From the public's perspective, it's hard to tell where the official Ed Lee for Mayor campaign – with its $500 limit on campaign donations – ends and where the various independent expenditure campaigns that we cover in this week’s issue begin. And that’s a problem given their ability to raise cash in unlimited amounts, coordinate with one another, and essentially act in concert with the official campaign.
For example, when San Francisco voters recently got telephone calls that began, “Hi, how are you? May I speak with ______. My name is ______ and I am a volunteer for Mayor Ed Lee. Will you support Mayor Ed Lee this upcoming election?”
The average voter would probably assume that the caller was a volunteer for the Lee campaign, but the phone banking was actually done by a group called Committee for Effective City Management, although that was never identified in the script that it was required to file with the Ethics Commission.
Campaign consultant David Looman, who runs the group, disputed that interpretation, telling us, “It doesn't present as part of the campaign.” When we noted that was the obvious impression it left, he still wouldn't budge, “It doesn't say I'm a part of the campaign or anything of the sort.” When we asked whether they are required to identify themselves as an independent expenditure, he responded, “I'm not clear about that.”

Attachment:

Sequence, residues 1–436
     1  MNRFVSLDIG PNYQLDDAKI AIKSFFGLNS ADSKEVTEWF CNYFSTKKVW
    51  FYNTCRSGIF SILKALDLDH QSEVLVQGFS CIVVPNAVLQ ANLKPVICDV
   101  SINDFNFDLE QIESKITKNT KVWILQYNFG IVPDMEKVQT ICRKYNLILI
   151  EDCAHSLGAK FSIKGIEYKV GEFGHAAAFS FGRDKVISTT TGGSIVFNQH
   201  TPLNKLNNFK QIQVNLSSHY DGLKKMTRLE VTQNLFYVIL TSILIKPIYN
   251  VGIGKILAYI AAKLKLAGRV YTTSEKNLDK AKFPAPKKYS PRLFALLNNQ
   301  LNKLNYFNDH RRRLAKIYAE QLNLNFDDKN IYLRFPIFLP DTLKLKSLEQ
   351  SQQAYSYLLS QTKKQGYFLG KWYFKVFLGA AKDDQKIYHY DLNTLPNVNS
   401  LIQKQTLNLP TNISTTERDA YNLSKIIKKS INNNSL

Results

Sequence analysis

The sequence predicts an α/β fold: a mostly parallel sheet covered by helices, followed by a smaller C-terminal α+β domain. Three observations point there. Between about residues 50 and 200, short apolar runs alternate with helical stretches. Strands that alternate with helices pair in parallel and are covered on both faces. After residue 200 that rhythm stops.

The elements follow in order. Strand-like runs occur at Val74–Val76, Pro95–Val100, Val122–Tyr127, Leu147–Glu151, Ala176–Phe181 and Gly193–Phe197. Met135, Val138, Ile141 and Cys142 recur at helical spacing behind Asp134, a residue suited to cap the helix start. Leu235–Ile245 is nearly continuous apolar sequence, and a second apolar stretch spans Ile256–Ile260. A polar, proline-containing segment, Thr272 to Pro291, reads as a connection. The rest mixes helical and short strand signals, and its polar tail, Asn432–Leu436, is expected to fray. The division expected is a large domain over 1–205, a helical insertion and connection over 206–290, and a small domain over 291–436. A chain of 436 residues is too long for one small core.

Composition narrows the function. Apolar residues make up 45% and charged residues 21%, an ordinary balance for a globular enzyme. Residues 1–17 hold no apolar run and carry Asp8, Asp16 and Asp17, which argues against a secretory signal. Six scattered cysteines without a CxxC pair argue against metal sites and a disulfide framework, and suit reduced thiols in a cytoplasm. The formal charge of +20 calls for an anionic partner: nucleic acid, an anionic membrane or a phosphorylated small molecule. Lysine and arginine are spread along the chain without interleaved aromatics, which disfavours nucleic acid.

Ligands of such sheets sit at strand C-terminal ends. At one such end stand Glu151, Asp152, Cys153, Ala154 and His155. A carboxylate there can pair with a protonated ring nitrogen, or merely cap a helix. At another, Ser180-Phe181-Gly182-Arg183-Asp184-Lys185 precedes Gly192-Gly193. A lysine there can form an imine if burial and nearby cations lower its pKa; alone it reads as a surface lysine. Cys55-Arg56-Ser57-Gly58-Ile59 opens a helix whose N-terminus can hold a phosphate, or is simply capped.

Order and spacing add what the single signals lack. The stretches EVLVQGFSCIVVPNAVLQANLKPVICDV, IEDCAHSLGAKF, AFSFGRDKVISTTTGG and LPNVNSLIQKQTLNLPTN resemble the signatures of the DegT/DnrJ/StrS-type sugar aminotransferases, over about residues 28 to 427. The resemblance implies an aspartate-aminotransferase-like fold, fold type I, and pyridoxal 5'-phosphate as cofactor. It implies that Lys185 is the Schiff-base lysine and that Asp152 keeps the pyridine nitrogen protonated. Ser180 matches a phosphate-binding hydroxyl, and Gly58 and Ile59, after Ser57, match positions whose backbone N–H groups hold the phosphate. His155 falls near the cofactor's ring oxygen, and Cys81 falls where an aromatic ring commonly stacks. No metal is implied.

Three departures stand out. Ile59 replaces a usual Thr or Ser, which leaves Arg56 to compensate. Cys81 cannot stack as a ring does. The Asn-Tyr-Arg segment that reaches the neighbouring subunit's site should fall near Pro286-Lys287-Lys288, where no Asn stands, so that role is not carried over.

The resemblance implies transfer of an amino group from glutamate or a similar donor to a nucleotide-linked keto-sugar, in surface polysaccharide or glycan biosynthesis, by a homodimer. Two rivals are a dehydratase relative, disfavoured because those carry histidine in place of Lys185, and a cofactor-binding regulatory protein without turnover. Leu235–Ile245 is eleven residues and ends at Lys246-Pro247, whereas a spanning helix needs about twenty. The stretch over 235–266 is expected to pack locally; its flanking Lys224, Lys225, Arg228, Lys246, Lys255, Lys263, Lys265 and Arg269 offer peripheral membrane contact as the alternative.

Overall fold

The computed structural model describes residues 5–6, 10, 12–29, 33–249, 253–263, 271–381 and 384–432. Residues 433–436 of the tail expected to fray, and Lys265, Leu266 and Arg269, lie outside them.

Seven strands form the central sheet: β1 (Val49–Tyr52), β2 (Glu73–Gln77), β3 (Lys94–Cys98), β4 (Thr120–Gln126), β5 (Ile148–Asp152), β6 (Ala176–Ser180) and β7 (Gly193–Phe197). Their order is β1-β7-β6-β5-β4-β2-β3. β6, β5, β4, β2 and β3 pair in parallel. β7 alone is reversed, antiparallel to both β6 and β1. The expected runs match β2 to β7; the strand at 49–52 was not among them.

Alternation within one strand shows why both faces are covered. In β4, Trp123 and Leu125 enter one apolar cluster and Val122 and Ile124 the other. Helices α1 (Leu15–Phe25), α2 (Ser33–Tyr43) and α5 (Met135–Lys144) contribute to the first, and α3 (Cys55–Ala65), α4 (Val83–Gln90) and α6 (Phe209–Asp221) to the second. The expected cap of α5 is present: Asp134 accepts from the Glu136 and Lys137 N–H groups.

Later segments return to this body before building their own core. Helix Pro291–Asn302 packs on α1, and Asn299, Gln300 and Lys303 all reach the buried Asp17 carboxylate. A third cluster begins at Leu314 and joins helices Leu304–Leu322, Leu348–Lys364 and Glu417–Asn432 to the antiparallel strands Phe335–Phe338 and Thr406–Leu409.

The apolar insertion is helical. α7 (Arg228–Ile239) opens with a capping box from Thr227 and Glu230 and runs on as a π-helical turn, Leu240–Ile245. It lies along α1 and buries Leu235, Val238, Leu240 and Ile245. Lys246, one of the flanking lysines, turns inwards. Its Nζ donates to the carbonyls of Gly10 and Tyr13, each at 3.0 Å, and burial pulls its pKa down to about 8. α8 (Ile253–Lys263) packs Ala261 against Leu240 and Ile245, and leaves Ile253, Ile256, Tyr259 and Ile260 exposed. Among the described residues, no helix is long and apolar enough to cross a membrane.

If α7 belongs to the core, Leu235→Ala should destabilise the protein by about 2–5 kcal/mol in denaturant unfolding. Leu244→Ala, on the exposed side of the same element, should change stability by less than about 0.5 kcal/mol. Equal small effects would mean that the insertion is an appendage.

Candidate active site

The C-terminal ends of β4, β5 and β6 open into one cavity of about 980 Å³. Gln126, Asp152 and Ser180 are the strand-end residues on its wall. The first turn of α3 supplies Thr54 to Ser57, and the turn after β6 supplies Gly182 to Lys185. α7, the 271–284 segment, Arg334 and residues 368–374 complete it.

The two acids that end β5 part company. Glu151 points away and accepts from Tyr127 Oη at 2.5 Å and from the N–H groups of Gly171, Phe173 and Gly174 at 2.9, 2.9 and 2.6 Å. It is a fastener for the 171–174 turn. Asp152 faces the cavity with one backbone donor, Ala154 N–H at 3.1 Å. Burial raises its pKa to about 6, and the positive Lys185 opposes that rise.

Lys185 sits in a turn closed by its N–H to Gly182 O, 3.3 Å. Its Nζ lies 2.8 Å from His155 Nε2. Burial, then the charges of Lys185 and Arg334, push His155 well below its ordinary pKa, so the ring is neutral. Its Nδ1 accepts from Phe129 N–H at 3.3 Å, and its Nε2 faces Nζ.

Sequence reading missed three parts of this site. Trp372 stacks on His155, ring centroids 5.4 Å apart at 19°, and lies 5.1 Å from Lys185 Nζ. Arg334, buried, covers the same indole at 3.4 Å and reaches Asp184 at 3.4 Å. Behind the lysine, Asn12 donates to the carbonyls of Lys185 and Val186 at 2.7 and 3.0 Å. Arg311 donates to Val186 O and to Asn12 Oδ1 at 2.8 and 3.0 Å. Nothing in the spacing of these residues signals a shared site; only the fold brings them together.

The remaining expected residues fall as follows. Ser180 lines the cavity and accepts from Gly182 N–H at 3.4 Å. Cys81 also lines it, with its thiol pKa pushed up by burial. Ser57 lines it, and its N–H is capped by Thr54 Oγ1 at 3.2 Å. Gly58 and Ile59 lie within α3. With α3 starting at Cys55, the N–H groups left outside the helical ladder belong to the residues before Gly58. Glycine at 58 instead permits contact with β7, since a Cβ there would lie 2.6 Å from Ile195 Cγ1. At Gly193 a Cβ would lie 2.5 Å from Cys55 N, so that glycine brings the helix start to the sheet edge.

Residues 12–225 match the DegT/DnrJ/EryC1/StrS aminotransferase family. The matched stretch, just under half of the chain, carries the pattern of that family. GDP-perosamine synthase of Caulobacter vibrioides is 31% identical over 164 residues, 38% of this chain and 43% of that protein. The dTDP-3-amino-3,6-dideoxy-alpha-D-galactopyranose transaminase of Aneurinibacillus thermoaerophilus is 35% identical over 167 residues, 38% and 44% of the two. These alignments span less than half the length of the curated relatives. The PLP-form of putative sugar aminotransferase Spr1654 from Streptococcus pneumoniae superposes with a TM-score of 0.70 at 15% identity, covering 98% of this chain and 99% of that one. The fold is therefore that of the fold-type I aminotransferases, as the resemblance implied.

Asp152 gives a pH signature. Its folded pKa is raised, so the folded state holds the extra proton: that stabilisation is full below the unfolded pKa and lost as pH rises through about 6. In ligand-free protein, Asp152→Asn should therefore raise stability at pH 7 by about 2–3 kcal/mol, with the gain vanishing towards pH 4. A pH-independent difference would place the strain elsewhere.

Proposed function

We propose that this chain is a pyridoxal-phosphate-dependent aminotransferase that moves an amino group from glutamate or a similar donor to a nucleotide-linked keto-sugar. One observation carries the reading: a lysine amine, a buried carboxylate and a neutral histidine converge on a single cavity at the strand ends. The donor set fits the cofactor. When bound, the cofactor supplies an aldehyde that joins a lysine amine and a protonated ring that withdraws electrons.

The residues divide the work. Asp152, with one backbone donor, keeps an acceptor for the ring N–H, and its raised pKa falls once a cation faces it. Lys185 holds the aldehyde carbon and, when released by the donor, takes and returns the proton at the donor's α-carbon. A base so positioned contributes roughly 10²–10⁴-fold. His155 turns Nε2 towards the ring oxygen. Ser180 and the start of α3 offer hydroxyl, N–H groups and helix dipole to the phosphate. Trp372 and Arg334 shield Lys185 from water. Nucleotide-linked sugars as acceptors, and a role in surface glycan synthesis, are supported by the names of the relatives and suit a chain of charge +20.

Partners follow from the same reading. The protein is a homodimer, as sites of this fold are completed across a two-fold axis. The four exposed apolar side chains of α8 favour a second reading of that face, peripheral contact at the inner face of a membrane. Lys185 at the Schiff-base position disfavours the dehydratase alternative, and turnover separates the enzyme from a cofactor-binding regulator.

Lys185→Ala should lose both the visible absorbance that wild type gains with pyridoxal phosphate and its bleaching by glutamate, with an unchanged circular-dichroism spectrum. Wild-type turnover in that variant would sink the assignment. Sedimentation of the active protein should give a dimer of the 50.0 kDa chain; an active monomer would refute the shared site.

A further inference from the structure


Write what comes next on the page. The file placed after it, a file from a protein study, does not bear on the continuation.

Ethics Commission Executive Director John St. Croix said it is a clear violation of the law for an IE to identify itself as part of the official campaign. When he read him the script, he responded, “I don't like it, but I can't say off the top of my head it's absolutely a violation because that isn't the exact name of the campaign, which is Ed Lee for Mayor 2011.”
But clearly, voters are left with the impression that it's a Lee campaign volunteer calling, right? “I think that's a legitimate layman's perspective on this, yes,” St. Croix responded.
Will the Ethics Commission do anything about this, or the numerous other campaign finance law violations that CitiReport, Bay Citizen, and other media outlets have been unearthing? Don’t bet on it, particularly because of the commission’s history of ignoring problems and overcomplicating its role in watchdogging even the most obvious violations.
For example, at tonight’s Ethics Commission hearing, the body is considering relaxing rules that require the reporting of big campaign finance expenditures within 24 hours, pushing that requirement back to the last week before the election -- right after the Guardian’s final pre-election issue hits the streets.